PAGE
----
Colin Bundy is one of South Africa’s foremost historians and the author of The Rise and Fall of the South African Peasantry as well as the biography of Govan Mbeki in the series Ohio Short Histories of Africa.
Listed in: African Studies · Biography · History · Biography, Activists · African History · Literary Studies
What have been the most significant developments — political, social, economic — in South Africa since 1994? How much has changed since the demise of apartheid, and how much remains stubbornly the same? Should one celebrate a robust democracy now two decades old, or lament the corrosive effects of factionalism, greed, and corruption on political life? Colin Bundy tries to answer such questions, while avoiding simplistic or one-sided assessments of life under Mandela, Mbeki, and Zuma.
“South Africa is a place where the dust never settles. The past is always palpable in its present. In this exceptionally thoughtful book, one of the country’s most distinguished historians, Colin Bundy, explains quite how much this is true. For all its brevity, Short Changed? packs a hefty punch: not only does it offer a compelling explanation for the fall of apartheid, but it makes a very persuasive case for the ways in which the long shadow of colonialism has insinuated itself, is insinuating itself, into the South African here-and-now—and into its probable futures.”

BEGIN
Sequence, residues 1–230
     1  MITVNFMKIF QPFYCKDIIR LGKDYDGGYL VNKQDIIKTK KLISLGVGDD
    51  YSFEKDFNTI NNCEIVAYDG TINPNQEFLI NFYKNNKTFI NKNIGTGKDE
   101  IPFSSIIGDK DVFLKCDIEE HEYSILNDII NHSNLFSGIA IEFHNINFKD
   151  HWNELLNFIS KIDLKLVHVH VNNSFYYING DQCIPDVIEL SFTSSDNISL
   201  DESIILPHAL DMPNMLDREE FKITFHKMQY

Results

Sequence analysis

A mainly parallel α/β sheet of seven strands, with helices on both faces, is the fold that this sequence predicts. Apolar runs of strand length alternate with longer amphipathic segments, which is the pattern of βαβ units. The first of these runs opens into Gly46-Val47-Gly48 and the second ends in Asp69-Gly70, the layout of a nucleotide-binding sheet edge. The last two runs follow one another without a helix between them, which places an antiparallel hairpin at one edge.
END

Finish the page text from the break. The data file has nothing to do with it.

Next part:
John Comaroff, Harvard University
Govan Mbeki (1910–2001) was a core leader of the African National Congress, the Communist Party, and the armed wing of the ANC during the struggle against apartheid. Known as a hard-liner, Mbeki was a prolific writer and combined in a rare way the attributes of intellectual and activist, political theorist and practitioner.
“[This] thoughtful biography…examines the ways in which [Govan Mbeki] placed greater emphasis than many other cadres on the political importance of rural people…This is a very accomplished monograph. Neither sentimental nor vague and dispassionate, Bundy distils Mbeki's legacy as that of writer, teacher and revolutionary, albeit one who had participated in a ‘modest revolution.’”
Kate Law, Journal of African History
“South Africa has jailed so many gifted men and women that there already exists a sizeable body of prison writing…The essays by Govan Mbeki which comprise this book add to this distinguished list. Yet they differ in important respects from all others: they were written, circulated and preserved in prison. They were never intended for publication but to be read by other prisoners; their aim is not to share an experience but to educate politically. They are remarkable documents.
“Learning From Robben Island is an extraordinary selection of Mbeki's essays written, for the most part, between the late 1970s and mid 1980s…[It] bears testimony to the endurance of the human spirit, and, in Colin Bundy's words, ‘marks a victory in the continuing contest between the pen and the sword.’”
Philip Steenkamp, The International Journal of African Historical Studies